Nobody wanted to deal with her shit no more, but fans and non-fans stood by because she kept putting out songs that were annoying but easy to sing on karaoke nights. She was that girl, spiteful but too cute to ignore. In the music video of ‘Look What You Made Me Do’, Swift reenacts moments and characters that had led up to her current reputation. With a little help from director Joseph Khan, Swift takes a jab at her past self by burying the facade she’s kept on for too long. Stay till the end and you’ll see other, more straightforward parodies of herself (at the 2:50 mark, Swift announces that the “old Taylor is dead”) and an outro that includes 15 of Taylor Swift’s best personas, from 2009 VMA Taylor, the Taylor from Red, and even nerdy Taylor from ‘You Belong With Me’.
Dan Weiss of Chicago-based publication Consequence of Sound put up an interesting article over the weekend, mentioning two big names of the past and today by putting Taylor Swift and Michael Jackson side-by-side, at the dismay of internet users. Titled ‘Look What We Made Taylor Swift Do‘, the writer offered a breakdown of the starlet’s latest song release, bringing into detail of the superstar’s milestones and history, the good and the bad.
— Consequence of Sound (@consequence) August 25, 2017
Interestingly, Swift’s Reputation record is not even out (one single is not enough to be representative of the whole album), yet Weiss put it in the same category as Lady Gaga’s Artpop, Justin Timberlake’s The 20/20 Experience, The Beatles’ White Album, Fleetwood Mac’s Tusk, and lastly, Michael Jackson’s Dangerous, calling it a watershed moment for these musicians. The writer predictably make out Reputation to be as divisive as the rest, though I’d like to think that most of us who’ve witnessed Taylor Swift’s acts over the years would be more relieved than offended by Reputation at the rate that it is going now.
In retrospect, I do agree with the statement by Weiss that this is Swift’s first “arthouse awakening,” where she exhibits not only authenticity but responsibility over her actions, without drifting away from themes that make her, her. Judging based on only ‘Look What You Made Me Do’, Joseph Khan – who also directed the music video for ‘Blank Space’ – maintained balance by instilling similar colour palettes, her famous red lips, and lyrics that are gaudy but help get her message across. It’s experimental without straying too far, but it is also a breakthrough for the star, who first landed into fame for her cookie-cutter country girl look and love songs. With Reputation, Swift is at risk of either making it big again or staining her long and hard-earned list of accolades. Just like Michael Jackson, whose Dangerous album made him lose the public during the time of its release, Reputation could do that to Taylor Swift, no matter how unbreakable she may seem in the industry.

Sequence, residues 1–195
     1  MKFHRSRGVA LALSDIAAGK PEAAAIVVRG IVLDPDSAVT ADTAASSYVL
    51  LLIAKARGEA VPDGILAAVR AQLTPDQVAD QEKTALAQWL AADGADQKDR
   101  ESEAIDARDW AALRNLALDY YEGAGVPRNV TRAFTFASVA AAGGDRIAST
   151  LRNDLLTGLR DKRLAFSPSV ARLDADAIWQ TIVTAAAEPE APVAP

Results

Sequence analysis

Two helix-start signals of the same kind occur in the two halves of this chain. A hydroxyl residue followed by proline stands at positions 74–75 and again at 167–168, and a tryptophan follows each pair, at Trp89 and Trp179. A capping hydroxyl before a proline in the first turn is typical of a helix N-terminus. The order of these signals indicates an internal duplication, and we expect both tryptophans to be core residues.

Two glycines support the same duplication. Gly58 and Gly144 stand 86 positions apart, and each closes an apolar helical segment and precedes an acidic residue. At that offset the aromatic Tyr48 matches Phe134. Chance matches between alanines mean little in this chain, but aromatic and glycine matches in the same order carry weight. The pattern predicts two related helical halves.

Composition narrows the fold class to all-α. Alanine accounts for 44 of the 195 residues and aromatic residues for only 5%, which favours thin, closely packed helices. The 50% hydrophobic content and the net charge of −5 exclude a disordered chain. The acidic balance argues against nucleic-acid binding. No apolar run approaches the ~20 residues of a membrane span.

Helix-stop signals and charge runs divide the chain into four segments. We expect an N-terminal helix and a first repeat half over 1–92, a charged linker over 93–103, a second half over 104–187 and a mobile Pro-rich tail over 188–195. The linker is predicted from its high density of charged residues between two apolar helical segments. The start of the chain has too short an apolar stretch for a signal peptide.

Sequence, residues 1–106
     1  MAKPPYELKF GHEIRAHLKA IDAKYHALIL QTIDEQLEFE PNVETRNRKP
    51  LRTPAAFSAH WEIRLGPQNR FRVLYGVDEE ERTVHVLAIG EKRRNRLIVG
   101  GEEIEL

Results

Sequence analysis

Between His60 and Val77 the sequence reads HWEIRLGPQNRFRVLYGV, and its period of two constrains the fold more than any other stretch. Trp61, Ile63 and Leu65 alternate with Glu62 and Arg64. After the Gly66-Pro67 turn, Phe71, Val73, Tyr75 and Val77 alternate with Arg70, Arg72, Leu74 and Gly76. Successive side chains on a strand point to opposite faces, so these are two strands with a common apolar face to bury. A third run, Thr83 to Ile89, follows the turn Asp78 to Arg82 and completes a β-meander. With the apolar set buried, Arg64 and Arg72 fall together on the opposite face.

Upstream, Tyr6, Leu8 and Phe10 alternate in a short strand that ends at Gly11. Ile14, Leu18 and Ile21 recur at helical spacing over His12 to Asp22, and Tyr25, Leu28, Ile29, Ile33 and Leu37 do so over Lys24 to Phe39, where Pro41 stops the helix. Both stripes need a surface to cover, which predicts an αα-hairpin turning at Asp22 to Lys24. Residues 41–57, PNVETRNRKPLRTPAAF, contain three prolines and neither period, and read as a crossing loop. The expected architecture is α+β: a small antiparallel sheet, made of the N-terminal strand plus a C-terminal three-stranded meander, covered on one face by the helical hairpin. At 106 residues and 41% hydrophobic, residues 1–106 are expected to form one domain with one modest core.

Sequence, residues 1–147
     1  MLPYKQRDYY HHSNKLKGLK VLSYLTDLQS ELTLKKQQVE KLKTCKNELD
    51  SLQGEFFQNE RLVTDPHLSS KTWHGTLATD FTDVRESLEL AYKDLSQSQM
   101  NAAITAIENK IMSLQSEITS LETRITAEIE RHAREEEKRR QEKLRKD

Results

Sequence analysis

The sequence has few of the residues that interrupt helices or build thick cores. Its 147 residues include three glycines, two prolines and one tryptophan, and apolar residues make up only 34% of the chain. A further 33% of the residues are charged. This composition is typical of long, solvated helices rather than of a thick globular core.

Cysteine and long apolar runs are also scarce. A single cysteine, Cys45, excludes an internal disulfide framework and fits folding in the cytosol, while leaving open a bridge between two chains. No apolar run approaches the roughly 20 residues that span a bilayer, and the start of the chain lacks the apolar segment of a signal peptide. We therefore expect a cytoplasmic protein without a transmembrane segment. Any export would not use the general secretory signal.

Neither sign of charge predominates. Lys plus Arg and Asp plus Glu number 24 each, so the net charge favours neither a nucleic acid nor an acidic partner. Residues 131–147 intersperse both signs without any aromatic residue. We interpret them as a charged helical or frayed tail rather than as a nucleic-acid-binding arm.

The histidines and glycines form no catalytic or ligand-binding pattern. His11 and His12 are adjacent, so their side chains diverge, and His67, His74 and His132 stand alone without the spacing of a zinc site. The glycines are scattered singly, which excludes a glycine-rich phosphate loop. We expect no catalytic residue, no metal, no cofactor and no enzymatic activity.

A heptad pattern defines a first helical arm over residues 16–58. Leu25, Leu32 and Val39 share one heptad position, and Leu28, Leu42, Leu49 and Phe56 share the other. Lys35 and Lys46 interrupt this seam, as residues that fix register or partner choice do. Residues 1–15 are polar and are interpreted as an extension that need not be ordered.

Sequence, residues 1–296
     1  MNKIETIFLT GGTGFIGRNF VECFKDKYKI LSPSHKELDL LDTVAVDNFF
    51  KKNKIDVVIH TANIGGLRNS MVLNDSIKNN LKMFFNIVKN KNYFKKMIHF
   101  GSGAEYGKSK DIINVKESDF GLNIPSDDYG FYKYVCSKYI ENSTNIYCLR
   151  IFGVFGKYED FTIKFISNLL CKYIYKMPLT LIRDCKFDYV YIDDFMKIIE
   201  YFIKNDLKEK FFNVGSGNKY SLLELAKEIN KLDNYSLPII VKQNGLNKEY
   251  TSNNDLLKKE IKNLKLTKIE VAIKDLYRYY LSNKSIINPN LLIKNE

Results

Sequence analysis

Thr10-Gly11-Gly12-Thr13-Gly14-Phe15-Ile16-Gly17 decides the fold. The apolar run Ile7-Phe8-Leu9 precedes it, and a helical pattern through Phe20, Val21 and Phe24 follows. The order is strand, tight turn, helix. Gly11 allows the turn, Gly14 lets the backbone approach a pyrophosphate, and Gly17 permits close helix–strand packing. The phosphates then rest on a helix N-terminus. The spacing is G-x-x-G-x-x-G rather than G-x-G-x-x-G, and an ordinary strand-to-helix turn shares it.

It is important to note however, that unlike all the albums Weiss named in his article by artistes who underwent a rebellious streak, Swift is simply retaliating by owning up to her mistakes, rather than growing up gracefully as Justin Timberlake did in The 20/20 Experience or like Michael Jackson did with Dangerous, his most socially conscious record to date. Only time can tell whether Reputation is everything we’ve ever hoped for from Swift, who seriously needs to start burning old bridges and grow up from all the petty drama she’s caused. In the meantime, we can relish ‘Look What You Made Me Do’ for its aesthetic and more if the tune is something you can jam to, otherwise, keep your expectations high for Reputation, which is set to drop on 10 November.
“I’m sorry, the old Taylor can’t come to the phone right now.”
“Oh ’cause she’s dead!” pic.twitter.com/MSmfm4j2lM
— Dave Itzkoff (@ditzkoff) August 25, 2017
If you’ve been keeping track, netizens has pointed out that this is the date of Kanye West’s mother’s death – though Swift confirmed that it’s only a coincidence. Out of respect, I hope that she will change it and not be that girl again (learn your lesson honey), but who knows, she might’ve even penned an apology track for Yeezus? Or that old Taylor isn’t really dead after all? We’ll never know until it happens.